– Platform bias. People who are present on particular digital platforms are not necessarily representative of the population as a whole. To use Goodreads again, Goodreads users are not a good demographic mirror of all human beings or even people within a single national context. You cannot generalize about “readers” when you are sampling “readers on Goodreads.” This holds for other digital platforms such as Twitter, Facebook, or Reddit. In some cases, a particular platform’s target population is precisely what you want to know something about, such that the nature of the platform is part of the object of study. In this case, focusing on a single platform is appropriate, provided that it is possible to get a representative sample of “Goodreads” or “Twitter” users, which is also not always the case. However, it is possible that the mechanism you are studying may be generalizable beyond the biases of your sample, i.e. similar to the doctor’s study it could be the case that this demomgraphically skewed world can still tell you something useful about contemporary readers.
– Typographic bias (maybe also paratextual bias). This problem refers to the way texts are produced according to certain conventions that are independent of the semantic features you may care about. This can take two forms. The first is when texts are associated with certain semiotic conventions — i.e. signs that accompany texts in a particular format. In the printed realm this could be running headers, prefatory material, etc., anything referred to by Gerard Genette as “paratext.” It is totally reasonable that paratext may in fact be what you want to study (like Genette). But it can also be the case that if you are not able to differeniate between these dimensions of a text that your finding may be related to these conventions of production than they are the contents of the text. A really frequent word may be due to the author’s choices or it may be due to the fact that it appeared on every single page and your data retains these representations. In the digital realm this might take the form of metadata attached to user posts, as on Twitter. You wouldn’t want to get excited about the frequency of @ or # signs on Twitter. Think about whether there are semiotic conventions surrounding your data that you want to avoid considering for your research question. The second type of typographic bias is when a texts semiotic conventions do not align well with reproduction technoloies. The classic example is OCR. Certain texts perform much more poorly under OCR than others. Studying OCR may be your object of study, in which case this is fine. If you want to study the underlying texts you need to make sure that your results aren’t due to the underlying differential alignment of some of your texts with reproduction technologies than others. This problem is closely related to algorithmic and platform bias.
– Reception v. Production bias. Katherine Bode has argued that when we look at collections based around dates of publication, we miss out on the actual historical circulation of books that readers would have had access to.This is an extremely important and complex point. When you are selecting data, is your aim to represent a population of books “published” or books “read”? This might impact for example whether you weight your sample of books more heavily depending on the known print runs of books or whether you weight your sample evenly over time to capture the distribution of items regardless of how many were bought and sold. In the first scenario, your sample would have more books that sold more copies because you want to approximate what readers were buying. For example, if you want to create a sample of “popular” books, then bestseller lists can be a very useful tool. On the other hand, if you want to approximate what is being produced by a particular industry, then you will want to sample in a way where all books from a given list would have an equal chance to be sampled because you want to approximate what publishers were publishing. In neither of these cases are you sampling based on what people actually “read.” In scenario 1, you are using “printing” as a proxy for “reading,” which of course are not the same thing, and in scenario 2 you are using “publishing” for a proxy for reading. Lots of books are printed which are a) never bought and b) never read. Capturing “reading experience” is thus an extremely challenging problem and requires data beyond your primary documents (i.e. texts produced by readers or measured reader responses through laboratory experiments).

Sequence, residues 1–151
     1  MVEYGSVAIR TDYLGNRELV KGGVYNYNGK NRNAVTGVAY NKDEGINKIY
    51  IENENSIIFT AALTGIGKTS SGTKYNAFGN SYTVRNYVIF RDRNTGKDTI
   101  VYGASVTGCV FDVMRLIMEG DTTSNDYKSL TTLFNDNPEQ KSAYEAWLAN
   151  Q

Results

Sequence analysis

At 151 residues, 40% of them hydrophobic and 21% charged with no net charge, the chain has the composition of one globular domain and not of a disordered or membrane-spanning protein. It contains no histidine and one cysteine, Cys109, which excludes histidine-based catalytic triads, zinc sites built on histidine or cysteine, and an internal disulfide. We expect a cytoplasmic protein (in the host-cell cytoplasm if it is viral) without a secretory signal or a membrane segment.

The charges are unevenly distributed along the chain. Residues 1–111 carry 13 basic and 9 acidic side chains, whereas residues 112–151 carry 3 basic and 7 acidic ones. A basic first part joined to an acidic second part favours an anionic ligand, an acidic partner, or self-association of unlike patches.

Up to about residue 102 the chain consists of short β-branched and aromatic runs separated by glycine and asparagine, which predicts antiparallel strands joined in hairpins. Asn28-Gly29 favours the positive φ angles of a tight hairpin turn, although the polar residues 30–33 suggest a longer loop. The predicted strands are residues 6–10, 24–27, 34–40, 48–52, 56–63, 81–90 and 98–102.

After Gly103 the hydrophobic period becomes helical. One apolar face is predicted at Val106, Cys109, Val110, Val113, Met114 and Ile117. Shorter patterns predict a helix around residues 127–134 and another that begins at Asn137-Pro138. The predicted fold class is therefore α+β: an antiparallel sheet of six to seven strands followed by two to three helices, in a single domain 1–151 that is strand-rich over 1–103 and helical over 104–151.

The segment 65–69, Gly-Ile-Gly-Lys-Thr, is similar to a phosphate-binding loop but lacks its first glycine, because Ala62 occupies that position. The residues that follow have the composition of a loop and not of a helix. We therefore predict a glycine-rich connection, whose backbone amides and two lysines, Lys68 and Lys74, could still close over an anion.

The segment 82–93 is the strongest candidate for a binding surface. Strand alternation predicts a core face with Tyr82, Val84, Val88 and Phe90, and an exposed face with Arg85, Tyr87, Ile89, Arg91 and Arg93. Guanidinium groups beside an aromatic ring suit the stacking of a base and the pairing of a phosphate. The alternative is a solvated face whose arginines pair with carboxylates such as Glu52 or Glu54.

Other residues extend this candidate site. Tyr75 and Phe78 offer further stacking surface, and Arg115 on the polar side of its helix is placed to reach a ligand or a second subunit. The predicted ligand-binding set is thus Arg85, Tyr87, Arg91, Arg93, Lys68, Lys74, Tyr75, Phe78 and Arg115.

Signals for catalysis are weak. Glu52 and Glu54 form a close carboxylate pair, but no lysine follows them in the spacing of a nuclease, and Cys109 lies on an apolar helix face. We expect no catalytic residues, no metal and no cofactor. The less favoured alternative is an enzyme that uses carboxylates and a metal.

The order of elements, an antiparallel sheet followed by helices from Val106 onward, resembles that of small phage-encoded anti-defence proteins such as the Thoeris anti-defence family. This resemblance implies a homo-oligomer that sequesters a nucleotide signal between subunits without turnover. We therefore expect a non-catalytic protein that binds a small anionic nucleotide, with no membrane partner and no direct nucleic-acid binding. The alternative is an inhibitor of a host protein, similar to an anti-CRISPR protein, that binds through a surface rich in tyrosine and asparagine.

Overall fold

You can see just how hard it is to create an “unbiased” sample. To do so, you need accurate demographic information about the population you wish to study, something we very often do not have in the humanities, especially when studying the past. But you also have to assume that everything else you will do over the course of building your model will not introduce “bias” into your findings. Which is of course impossible. It is for this reason that I recommend thinking about this process as a form of representation — how have you represented your population and what are the limitations of doing so? This will allow researchers to prioritize further tests to see where the distortions of your model lie and what effects those distortions might have. Rather than posit some pristine state of neutrality that you will never reach, it is better to focus on all of the ways you are introducing perspective into your knowledge and let others see how distorting your perspective is.
 Katherine Bode, Digital Collections and the Future of Literary History (Ann Arbor: University of Michigan Press, 2018).
2 thoughts on “Selecting Data”
First instance of «OCR» abreviation in the text:«more easily digitized through OCR than others)» For the landsman like me it would be cool to know what it stands for. I infered it is a digitalisation method of some kind… Anyway, thanks for all that information, it enables us to put perspective on the data and be more knowledgeable about the limits of our futur conclusions.
Thanks Joseph! Yes, OCR refers to “optical character recognition” which is a way of digitizing printed texts to make them available for computational text analysis. Since it’s not a perfect tool it introduces a lot of potential error into the documents depending on how old the original text is (older is more irregular and therefore harder to OCR).
Good to know what terms need elaborating.